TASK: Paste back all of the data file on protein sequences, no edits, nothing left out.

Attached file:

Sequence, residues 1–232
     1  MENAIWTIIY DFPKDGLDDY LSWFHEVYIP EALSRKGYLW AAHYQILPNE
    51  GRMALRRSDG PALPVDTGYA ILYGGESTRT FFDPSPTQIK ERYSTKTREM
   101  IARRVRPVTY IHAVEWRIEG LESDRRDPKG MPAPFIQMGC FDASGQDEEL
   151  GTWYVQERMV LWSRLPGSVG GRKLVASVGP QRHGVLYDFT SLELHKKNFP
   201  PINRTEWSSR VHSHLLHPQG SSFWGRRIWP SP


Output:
Sequence, residues 1–232
     1  MENAIWTIIY DFPKDGLDDY LSWFHEVYIP EALSRKGYLW AAHYQILPNE
    51  GRMALRRSDG PALPVDTGYA ILYGGESTRT FFDPSPTQIK ERYSTKTREM
   101  IARRVRPVTY IHAVEWRIEG LESDRRDPKG MPAPFIQMGC FDASGQDEEL
   151  GTWYVQERMV LWSRLPGSVG GRKLVASVGP QRHGVLYDFT SLELHKKNFP
   201  PINRTEWSSR VHSHLLHPQG SSFWGRRIWP SP